Dissent was vocal in the early days of Stokab, too. Internet providers pointed out the importance of competition. Prices, they pointed out, would never come down under a civic-owned authority - not the way they would if several private networks were competing to carry the bits.
Apparently, the dissent lasted about as long as it took to get Stokab up and running. As soon as it actually had an infrastructure, its charter forced it to provide those bits at cost. And the licence it had to put cable in any trench meant that its costs were a fraction of what independent ISPs had had to spend commissioning large scale civil engineering projects.
The simple fact is that most of the dreams of truly high-speed, high-def internet everywhere cannot be provided until high-speed fibre runs not just to the kerb, but into every home.
This isn't the place for a serious dissertation on interactive video, but anybody who has watched the "videophone" connections used by TV reporters these days will know that it's actually worse to have speech that's badly lip-synched than just plain audio without images.
All you have to accept is that the only really satisfactory way to have two-way video is to have pretty high definition cameras, with a minimum of data compression, a minimum of cache, and as little processor involvement as possible. Yes, it's possible to have video streaming work very satisfactorily, too. But as long as you're streaming, latency isn't a problem. Two way interaction, however, and suddenly latency is a real problem; and the internet itself generates latency at every stage.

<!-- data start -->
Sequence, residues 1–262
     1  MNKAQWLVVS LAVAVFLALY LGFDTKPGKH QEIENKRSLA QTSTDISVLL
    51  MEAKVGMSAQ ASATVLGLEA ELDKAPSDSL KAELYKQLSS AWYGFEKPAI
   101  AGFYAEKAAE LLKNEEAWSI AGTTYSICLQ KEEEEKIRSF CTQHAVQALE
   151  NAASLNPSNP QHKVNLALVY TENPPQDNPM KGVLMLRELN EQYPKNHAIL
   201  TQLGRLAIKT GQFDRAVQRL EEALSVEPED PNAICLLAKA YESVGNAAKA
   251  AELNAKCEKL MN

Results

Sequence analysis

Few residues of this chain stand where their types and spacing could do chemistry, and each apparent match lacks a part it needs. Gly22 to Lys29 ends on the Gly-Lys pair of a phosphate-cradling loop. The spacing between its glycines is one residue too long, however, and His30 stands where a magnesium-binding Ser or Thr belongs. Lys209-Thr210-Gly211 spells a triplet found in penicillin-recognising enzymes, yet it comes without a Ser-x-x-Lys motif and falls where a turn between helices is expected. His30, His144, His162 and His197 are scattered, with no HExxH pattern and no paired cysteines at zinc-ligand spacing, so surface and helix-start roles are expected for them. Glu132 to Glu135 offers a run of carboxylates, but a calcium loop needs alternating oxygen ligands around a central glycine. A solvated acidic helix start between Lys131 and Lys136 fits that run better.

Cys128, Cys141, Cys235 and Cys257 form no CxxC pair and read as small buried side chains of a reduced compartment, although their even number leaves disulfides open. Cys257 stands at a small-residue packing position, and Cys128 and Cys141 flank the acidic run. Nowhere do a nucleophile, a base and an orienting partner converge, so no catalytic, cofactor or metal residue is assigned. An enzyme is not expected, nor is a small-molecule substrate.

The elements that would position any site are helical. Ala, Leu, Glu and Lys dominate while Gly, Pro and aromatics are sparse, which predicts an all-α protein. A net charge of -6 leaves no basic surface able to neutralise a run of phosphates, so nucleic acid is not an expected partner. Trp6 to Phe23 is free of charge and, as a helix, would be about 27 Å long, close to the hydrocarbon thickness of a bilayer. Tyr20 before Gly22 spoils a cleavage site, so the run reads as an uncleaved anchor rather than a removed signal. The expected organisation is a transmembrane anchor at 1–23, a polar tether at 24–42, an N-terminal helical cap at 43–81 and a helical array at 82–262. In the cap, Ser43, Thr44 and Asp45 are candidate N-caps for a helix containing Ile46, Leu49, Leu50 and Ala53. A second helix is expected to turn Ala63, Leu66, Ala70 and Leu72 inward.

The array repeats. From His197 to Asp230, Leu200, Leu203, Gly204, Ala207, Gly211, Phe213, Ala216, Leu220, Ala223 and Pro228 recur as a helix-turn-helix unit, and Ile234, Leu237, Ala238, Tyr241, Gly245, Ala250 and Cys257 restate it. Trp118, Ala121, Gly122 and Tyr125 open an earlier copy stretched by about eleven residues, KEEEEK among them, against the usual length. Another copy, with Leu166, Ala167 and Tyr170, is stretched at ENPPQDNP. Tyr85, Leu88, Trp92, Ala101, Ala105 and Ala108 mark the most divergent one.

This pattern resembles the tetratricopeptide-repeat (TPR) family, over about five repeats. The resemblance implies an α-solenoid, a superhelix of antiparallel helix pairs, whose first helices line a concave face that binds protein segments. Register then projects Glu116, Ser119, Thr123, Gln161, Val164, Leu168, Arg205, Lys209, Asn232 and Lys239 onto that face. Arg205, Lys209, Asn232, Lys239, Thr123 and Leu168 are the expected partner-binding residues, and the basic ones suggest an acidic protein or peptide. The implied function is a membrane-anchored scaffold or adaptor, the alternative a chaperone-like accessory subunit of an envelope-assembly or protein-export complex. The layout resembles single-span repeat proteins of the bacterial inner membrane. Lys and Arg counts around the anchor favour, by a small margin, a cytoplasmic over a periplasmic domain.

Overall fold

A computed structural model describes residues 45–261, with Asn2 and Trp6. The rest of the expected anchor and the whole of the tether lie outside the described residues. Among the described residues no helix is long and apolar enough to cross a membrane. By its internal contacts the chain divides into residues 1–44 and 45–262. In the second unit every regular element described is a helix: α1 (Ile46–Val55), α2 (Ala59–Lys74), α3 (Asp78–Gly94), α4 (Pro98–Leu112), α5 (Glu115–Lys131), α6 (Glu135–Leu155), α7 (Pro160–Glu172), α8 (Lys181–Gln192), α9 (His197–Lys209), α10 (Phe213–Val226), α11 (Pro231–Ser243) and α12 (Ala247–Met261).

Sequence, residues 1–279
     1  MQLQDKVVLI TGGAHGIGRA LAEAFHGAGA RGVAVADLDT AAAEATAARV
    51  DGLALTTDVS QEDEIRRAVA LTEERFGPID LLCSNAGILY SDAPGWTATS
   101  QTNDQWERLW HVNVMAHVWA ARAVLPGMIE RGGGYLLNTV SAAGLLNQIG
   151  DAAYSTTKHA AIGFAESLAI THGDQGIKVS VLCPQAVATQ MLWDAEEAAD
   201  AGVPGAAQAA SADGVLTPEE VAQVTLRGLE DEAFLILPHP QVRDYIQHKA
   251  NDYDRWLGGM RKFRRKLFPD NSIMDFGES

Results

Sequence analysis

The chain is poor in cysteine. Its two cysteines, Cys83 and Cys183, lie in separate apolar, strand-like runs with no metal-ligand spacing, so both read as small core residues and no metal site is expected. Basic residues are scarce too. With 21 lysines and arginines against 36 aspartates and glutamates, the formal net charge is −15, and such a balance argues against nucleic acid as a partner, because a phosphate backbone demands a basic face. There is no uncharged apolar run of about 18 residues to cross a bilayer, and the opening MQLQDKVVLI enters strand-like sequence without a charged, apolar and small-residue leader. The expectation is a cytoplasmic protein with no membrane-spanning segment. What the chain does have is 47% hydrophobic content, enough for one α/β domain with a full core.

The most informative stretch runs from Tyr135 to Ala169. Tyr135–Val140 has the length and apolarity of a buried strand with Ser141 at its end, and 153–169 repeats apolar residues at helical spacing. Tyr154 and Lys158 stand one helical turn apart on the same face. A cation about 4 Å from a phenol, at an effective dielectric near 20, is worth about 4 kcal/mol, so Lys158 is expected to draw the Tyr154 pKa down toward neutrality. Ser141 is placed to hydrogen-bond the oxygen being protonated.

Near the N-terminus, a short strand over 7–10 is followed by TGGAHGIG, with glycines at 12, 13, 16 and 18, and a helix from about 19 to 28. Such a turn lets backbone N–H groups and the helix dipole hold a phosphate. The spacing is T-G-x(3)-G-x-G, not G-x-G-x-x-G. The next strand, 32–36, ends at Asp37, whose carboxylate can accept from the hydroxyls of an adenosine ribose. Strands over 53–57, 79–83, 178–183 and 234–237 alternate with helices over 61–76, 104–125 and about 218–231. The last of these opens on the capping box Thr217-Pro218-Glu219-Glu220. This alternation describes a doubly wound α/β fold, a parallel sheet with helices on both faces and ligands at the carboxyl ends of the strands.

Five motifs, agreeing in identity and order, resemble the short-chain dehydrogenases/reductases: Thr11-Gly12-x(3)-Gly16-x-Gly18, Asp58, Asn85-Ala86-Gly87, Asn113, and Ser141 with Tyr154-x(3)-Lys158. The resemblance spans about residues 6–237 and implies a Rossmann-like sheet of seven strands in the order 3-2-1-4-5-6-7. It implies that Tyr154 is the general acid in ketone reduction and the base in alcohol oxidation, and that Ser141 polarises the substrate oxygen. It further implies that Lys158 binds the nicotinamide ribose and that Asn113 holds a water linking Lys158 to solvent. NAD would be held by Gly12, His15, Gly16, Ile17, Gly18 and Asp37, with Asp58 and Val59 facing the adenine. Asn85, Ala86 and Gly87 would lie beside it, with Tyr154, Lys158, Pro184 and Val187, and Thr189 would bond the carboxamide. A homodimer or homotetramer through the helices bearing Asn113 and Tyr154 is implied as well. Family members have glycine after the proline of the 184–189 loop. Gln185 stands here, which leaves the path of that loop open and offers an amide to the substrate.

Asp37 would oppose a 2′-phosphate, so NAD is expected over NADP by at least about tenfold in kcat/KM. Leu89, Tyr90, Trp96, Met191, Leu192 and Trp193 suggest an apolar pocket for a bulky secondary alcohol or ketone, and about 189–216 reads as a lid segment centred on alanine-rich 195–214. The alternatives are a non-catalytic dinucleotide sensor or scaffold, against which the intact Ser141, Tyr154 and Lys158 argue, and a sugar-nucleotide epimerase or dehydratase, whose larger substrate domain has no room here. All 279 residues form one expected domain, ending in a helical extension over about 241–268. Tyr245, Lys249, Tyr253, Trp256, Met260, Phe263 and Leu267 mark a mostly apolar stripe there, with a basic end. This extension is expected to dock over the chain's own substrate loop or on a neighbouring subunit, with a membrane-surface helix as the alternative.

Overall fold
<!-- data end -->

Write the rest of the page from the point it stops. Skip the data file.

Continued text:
The way around that is to have a raw data rate which is very high and a cost per bit which is very low.
In the UK, the cable experiment - imposed on BT by Margaret Thatcher, who hated state ownership or anything like it - meant that vast amounts of capital investment went into digging up huge urban areas, putting independent cable companies into business. Not one of those original cable companies is still in business. Their initial high investment costs and the low margins they were allowed to make, made them takeover targets - today, all we have is one cable company, Virgin Media. And there are plenty of districts where the cable pioneers never went and, probably, never will.
London's Mayor should have no inhibitions about imposing a city-owned utility on the capital. He is currently staring into a plan of infrastructure changes which will mean digging up the roads anyway.
This idea is not a challenge to BT or Virgin or any other cable operation. It's a co-operative, community-funded way of keeping costs down at a level where the cost per bit can get down to the level that true interactive, two-way video communications is feasible.
In the 24,000 islands off Stockholm, Cisco and Intel claim to be very pleased with their demo of how WiMAX can help cover areas where digging up the road simply isn't an option. The waters off the East coast of Sweden are very deep, and people have a habit of dropping anchors into them.
In London, who knows? Maybe a WiMAX experiment might even make sense, with a cheap basic infrastructure around which to build it? But, until global warming really does turn Greater London into a series of islands in the sea, probably not... ®